If implemented, not only would these mechanisms further fragment copyright across the EU but they would also constitute an additional barrier to access to knowledge, culture and information.
What are the next steps?
The proposal for the Directive on Copyright in the Digital Single Market (a.k.a. DSM Directive or colloquially “EU Copyright Directive”).as proposed by the European Commission has been discussed in parallel in the Council of the EU and in the European Parliament. The Council has decided on changes to be introduced in further negotiations, while the European Parliament will debate the amendments to the EC’s text during the Plenary Session in September or October. In July the European Parliament rejected the text proposed by its own Legal Affairs Committee and decided to hold the Plenary debate on the proposal. Members of the Parliament will be able to propose amendments to the European Commission’s version until September 5th. Then, presumably on September 12 the European Parliament will vote on those amendments. After the EP vote, the two bodies of the EU together with the European Commission will enter negotiations to agree on a joint version of the Directive that will then again have be accepted by means of a plenary vote.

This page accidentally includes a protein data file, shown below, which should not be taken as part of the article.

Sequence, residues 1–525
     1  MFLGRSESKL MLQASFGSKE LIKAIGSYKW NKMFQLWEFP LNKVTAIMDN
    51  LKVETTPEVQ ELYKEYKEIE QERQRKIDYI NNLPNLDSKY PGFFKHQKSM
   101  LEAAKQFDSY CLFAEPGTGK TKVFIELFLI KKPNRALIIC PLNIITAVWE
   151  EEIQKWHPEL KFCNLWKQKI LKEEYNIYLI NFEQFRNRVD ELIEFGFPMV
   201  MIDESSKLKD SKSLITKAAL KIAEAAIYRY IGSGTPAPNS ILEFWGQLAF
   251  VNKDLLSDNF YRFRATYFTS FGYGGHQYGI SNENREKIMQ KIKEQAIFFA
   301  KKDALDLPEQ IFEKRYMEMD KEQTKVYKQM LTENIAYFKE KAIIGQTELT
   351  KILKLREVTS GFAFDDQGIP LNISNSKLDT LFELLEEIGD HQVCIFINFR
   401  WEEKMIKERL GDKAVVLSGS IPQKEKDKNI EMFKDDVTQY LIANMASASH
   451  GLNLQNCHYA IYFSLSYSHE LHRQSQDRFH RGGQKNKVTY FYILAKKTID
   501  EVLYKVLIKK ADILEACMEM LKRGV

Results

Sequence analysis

As voters we have considerably more power to influence the MEPs choices than in the case of the European Commission or the Council of the EU. It is in our hands to point them to those amendments that ensure access to knowledge, with an expectation that they will take our voice into account.
Why is the proposal harmful to Free Knowledge?
Depending on the exact wording that comes out of the notoriously intransparent Trilogue negotiations between the European Commission, the European Parliament and the Council of the EU, the new law could negatively impact Free Knowledge in several ways: